Holy laughter

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Holy laughter is a term used within charismatic Christianity that describes a religious behaviour in which individuals spontaneously laugh during church meetings. It has occurred in many revivals throughout church history, but it became normative in the early 1990s in Neo-charismatic churches and the Third Wave of the Holy Spirit. Many people claimed to experience this phenomenon at a large revival in Toronto, Ontario, Canada known as the Toronto Blessing,


Practices similar to holy laughter were observed in the 1800s in Holiness Christian meetings on the American West.[1] John Wesley encountered uncontrollable laughter in his meetings, but viewed it as an act of the devil.[2] It also occurred in Signs and Wonders meetings run by John Wimber in the 1980s.[3] The practice came to prominence in meetings led by the South African evangelist Rodney Howard-Browne in 1993 at the Carpenter's Home Church in Lakeland, Florida and was often accompanied by the "Slain in the Spirit" phenomena.[4] The laughter ranges from very quiet to loud convulsive hysterics, which are said to be accompanied by temporary dissociation.[5] It was also observed in meetings held at Oral Roberts University.[6] The phenomena was then popularized by Charisma and the Trinity Broadcasting Network, and became controversial within charismatic Christianity.[4]

Though primarily found in Protestant churches, it was observed in some parts of the Catholic Charismatic Renewal, as well.[7] The practice spread to the Association of Vineyard Churches, most notably to the Toronto Airport Christian Fellowship in 1994. Religious revival meetings at the church became very popular, drawing 75,000 visitors that year.[8] Many attendees at the meetings spent time laughing loudly while lying on the floor.[4]


Leaders who have promoted holy laughter claimed that the laughter was a result of joy that was supernaturally being given to people in the meetings.[9] They claimed that the joy was often accompanied by miraculous healing and the cessation of depression.[10] Margaret Poloma of the University of Akron has described the events of the services as a ritual facilitation of catharsis.[11] Philip Richter of STETS has drawn a parallel between holy laughter and Laughter Yoga.[12]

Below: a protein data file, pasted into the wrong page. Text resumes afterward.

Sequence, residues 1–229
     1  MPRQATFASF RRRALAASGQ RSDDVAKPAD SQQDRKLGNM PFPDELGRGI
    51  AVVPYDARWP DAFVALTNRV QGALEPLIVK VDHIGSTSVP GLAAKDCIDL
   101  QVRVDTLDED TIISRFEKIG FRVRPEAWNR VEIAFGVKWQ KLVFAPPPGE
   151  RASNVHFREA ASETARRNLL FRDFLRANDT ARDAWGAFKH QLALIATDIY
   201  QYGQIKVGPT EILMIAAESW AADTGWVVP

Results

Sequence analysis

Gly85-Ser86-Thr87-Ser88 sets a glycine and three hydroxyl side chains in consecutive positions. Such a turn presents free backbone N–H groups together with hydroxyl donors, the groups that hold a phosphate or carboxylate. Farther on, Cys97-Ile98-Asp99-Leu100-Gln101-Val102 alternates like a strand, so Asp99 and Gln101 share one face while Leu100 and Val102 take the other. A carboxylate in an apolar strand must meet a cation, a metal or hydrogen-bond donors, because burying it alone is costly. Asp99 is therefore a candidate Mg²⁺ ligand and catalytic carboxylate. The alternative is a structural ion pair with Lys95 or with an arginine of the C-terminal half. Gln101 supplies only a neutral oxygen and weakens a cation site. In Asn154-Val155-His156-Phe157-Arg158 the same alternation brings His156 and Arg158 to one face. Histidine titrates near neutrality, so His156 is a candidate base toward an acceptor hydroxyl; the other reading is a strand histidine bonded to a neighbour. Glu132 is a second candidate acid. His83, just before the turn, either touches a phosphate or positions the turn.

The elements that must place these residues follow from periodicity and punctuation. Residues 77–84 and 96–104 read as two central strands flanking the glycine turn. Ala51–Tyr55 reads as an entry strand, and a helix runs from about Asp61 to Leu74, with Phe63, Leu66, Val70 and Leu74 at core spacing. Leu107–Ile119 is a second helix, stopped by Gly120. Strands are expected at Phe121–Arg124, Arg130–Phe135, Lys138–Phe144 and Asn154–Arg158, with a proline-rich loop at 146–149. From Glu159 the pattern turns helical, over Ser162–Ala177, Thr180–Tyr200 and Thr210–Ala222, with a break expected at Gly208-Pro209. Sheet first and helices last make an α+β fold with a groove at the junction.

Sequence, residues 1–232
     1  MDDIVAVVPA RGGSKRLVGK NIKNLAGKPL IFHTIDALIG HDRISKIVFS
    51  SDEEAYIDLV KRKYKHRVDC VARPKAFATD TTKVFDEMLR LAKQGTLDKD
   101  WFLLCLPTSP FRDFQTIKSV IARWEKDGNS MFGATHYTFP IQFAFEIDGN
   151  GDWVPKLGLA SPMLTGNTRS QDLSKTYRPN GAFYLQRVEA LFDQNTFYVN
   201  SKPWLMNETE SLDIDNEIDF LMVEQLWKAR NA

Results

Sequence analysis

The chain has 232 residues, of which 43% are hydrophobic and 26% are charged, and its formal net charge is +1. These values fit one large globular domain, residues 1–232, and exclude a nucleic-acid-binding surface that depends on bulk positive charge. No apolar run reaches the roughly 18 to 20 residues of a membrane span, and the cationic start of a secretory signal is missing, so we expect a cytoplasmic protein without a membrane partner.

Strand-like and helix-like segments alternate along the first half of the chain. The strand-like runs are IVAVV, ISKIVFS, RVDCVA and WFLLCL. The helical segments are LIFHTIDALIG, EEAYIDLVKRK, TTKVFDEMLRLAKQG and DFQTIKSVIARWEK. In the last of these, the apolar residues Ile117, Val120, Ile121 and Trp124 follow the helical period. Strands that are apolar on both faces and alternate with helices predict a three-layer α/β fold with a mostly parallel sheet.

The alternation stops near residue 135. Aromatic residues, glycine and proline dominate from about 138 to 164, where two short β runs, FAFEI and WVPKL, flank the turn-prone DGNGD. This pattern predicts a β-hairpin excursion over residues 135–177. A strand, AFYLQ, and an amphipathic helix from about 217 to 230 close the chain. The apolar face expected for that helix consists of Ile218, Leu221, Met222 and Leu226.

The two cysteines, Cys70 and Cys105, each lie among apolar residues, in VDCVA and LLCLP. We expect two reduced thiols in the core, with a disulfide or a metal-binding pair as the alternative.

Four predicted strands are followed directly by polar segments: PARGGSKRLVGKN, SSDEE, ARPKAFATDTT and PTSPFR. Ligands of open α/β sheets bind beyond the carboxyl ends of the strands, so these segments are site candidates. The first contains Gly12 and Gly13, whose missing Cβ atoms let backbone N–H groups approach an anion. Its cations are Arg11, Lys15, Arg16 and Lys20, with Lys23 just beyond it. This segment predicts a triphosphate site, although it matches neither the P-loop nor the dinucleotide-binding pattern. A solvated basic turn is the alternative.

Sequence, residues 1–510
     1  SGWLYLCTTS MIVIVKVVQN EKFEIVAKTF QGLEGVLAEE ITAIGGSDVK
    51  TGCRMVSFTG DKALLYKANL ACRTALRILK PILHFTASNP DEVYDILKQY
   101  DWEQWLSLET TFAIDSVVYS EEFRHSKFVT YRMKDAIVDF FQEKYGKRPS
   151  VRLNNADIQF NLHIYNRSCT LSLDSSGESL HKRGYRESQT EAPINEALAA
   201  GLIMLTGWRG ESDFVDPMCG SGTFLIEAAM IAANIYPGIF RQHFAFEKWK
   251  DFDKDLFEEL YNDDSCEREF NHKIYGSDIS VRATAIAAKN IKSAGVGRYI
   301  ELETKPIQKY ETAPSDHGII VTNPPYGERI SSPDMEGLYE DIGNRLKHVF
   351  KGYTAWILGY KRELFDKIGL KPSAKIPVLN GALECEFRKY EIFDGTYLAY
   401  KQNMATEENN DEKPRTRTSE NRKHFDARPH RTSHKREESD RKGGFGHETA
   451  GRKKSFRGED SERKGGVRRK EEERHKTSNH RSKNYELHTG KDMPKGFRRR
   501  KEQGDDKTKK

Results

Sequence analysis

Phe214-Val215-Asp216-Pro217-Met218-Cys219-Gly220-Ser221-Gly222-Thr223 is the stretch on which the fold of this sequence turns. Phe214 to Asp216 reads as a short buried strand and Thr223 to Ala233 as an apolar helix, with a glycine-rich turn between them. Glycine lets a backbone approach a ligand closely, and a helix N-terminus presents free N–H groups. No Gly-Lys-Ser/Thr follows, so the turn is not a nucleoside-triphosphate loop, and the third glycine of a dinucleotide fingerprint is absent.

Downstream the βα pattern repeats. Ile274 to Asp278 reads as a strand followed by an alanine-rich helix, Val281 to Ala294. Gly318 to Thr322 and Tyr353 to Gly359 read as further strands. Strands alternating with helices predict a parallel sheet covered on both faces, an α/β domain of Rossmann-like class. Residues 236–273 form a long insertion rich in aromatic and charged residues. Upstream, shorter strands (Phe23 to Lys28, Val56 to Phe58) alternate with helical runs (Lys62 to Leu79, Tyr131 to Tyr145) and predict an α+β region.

Many of the activities at these meetings, particularly the laughter, were controversial within evangelical Christianity. Though some leaders, such as Pat Robertson embraced the movement, groups such as the Christian Research Institute,[8] and the Southern Baptist Convention condemned what was occurring.[13] Critics charged that the practice was the result of Psychological manipulation,[8] or Demonic possession.[14]

See also[edit]


  1. ^ Yung, Hwa (2003). "Endued with Power: The Pentecostal-Charismatic Renewal and the Asian Church in the Twenty-First Century" (PDF). Asian Journal of Pentecostal Studies. 6 (1): 63–82.
  2. ^ Porter 1996, p. 108
  3. ^ Porter 1996, p. 106
  4. ^ a b c Diamond 2000, p. 208
  5. ^ Porter 1996, p. 102
  6. ^ Poloma 2003, p. 155
  7. ^ Cimino 2001, p. 33
  8. ^ a b c Diamond 2000, p. 209
  9. ^ Poloma 2003, p. 4
  10. ^ Poloma 2003, p. 5
  11. ^ Poloma 2003, p. 108
  12. ^ Porter 1996, p. 119
  13. ^ Queen, Prothero & Shattuck 2009, p. 245
  14. ^ Diamond 2000, p. 210


  • Cimino, Richard P. (2001), Trusting the spirit: renewal and reform in American religion, John Wiley & Sons, ISBN 978-0-7879-5160-3
  • Diamond, Sara (2000), Not by Politics Alone: The Enduring Influence of the Christian Right, Guilford Press, ISBN 978-1-57230-494-9
  • Poloma, Margaret M. (2003), Main street mystics: the Toronto blessing and reviving Pentecostalism, Rowman Altamira, ISBN 978-0-7591-0354-2
  • Richter, Philip (1996), Stanley E. Porter (ed.), The nature of religious language: a colloquium, Continuum International Publishing Group, ISBN 978-1-85075-580-7
  • Queen, Edward L.; Prothero, Stephen R.; Shattuck, Gardiner H. (2009), Encyclopedia of American religious history, Infobase Publishing, ISBN 978-0-8160-6660-5